There is a place where in close proximity, you can take in a sunset and a sunrise on a wilderness beach, hike into a canyon 3,500 feet deep with an 800 foot waterfall in full view and minutes later stand on a mountain cliffside 1,200 feet over the Pacific Ocean. While not recommended, those of you who are pressed for time can experience it all in less than 24 hours.
In this area you can also experience wildlife, such as Ibex Mountain Goats and feral Boar, Humpback Whales and rare tropical birds.
You can also experience helicopters crossing in front and beneath you. And on the coast you can view all kinds of watercraft – large and small – crossing in front of and beneath you.
All of this occurs if you are visiting (or live on) the Island of Kauai in the State of Hawaii in the United States.
All of these places are a few miles apart on the western side of Kauai.
For those planning a visit to Kauai, the north shore of the island is green and magical. The south shore of the island is a sunny delight. Both are superb spots for visitors to the island. Both areas have materially more nightlife and commercial retail to offer. In comparison, the west side is sleepy and old school. The west side has great services. They are smaller and more laid back and local in nature. However, the north shore and south shore areas cannot match the west side in terms of variety and complexity in a natural setting.
Helicopters and boats
The view of the canyon and the coast
Sunset and Sunrise
On this day it is…whales, whales, whales
The fun and enjoyment experienced in the late morning and early afternoon is all about whales. Humpback Whales cavorting in the Kaulakahi Channel. The Kaulakahi Channel is 17 miles wide and separates the islands of Kauai and Niihau. The whales are located 2-3 miles off shore. I can hear them better than see them. I can barely pull in images with my long prime lenses (400MM, 560MM, 800MM).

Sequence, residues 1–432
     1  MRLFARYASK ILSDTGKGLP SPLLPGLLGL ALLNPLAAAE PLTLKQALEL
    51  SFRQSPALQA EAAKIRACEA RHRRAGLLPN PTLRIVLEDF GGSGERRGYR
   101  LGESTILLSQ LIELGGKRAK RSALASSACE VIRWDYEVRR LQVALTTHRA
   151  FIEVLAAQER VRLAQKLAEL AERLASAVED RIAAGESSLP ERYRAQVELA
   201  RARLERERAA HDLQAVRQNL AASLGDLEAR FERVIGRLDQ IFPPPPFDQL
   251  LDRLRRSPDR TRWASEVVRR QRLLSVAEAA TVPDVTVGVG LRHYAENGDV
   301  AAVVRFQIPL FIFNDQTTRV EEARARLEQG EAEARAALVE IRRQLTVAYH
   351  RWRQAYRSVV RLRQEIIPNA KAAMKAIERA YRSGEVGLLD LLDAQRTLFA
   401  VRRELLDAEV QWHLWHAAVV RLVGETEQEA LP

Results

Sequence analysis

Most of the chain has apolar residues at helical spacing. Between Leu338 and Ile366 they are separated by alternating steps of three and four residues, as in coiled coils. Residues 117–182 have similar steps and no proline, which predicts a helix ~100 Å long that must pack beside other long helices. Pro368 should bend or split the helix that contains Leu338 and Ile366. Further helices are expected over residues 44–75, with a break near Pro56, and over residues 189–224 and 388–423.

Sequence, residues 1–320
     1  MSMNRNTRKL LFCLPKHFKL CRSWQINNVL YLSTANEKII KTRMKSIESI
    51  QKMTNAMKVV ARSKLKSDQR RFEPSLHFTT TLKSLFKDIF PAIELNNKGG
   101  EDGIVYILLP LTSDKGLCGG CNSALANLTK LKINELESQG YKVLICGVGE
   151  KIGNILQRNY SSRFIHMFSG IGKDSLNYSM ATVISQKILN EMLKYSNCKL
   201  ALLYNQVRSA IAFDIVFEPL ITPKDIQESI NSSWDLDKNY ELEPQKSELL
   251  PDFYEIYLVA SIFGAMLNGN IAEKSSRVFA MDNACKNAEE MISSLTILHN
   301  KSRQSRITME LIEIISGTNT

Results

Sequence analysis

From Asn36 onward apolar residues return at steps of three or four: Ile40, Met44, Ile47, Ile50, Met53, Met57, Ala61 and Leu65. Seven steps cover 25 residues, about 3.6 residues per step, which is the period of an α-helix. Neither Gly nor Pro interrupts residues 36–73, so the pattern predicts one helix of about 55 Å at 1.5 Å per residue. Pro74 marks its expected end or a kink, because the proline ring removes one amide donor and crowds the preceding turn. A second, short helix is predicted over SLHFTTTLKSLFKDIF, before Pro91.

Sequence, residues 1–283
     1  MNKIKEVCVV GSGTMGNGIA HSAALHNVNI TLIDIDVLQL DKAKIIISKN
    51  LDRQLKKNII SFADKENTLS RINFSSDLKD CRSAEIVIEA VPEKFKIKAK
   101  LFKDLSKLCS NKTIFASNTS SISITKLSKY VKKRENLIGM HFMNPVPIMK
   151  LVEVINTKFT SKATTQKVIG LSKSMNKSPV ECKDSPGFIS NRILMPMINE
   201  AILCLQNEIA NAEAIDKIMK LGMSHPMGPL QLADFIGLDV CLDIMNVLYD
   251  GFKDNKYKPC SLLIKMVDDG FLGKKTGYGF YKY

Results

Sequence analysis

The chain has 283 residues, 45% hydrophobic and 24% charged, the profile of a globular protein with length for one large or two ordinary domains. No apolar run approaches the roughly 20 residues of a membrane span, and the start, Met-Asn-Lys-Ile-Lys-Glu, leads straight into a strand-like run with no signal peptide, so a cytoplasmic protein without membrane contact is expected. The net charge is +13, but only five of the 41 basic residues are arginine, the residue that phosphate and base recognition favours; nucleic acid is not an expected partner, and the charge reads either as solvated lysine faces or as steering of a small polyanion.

Ultimately, the Humpback’s put on a show for all to see. I take in a 90 minute show. For a period of time, the whales perform almost exclusively for the patrons aboard the fleet of Makana Charter Tour boats.
It was fun to take in the whole operation from a territorial perspective. Over the next few weeks, the whales will head north into the Pacific.
— Jeff’s Thoughts and Other Trivia —
The map below represents my trip for the day. The redline marks the route. Linda, The Border Collies and yours truly start the day at sunrise. From the house, we walk the beach to the boat harbor and back. We say high to almost every boat operator – including those of Makana. The round-trip is four miles in length.
Once back at the house, I pack up my gear, jump in the truck, and head to my spots in the Waimea Canyon and Na Pali Coast. Okay, the spots are not my exclusive domain or shrouded in secrecy. However, they are not marked or well known. You really need to know the area and be comfortable with variable terrain.
On this day, I stuff my biggest pack with as much gear as possible. I even carry one camera (with 800M lens attached) in my hand. It weighs in just north of 60lbs. Ugh!
So what did I bring?
2 Nikon Z9 35MM cameras
400/560 MM Nikon lens
800 MM Nikon lens
20 MM Nikon Lens
50 MM Nikon Lens
Nikon Optical lens 2x
PHASEONE IQ4 151MP Digital Back
Cambo 5000 Technical Camera
60MM Rodenstock lens for Cambo
PHASEONE XF 4 by 5 Camera
PHASEONE Blue Ring 55MM Lens
PHASEONE Blue Ring 240MM Lens
IPhone 10 Camera
Tripod with Head
Over the day, I use every item except for the doubler – which I should have tried.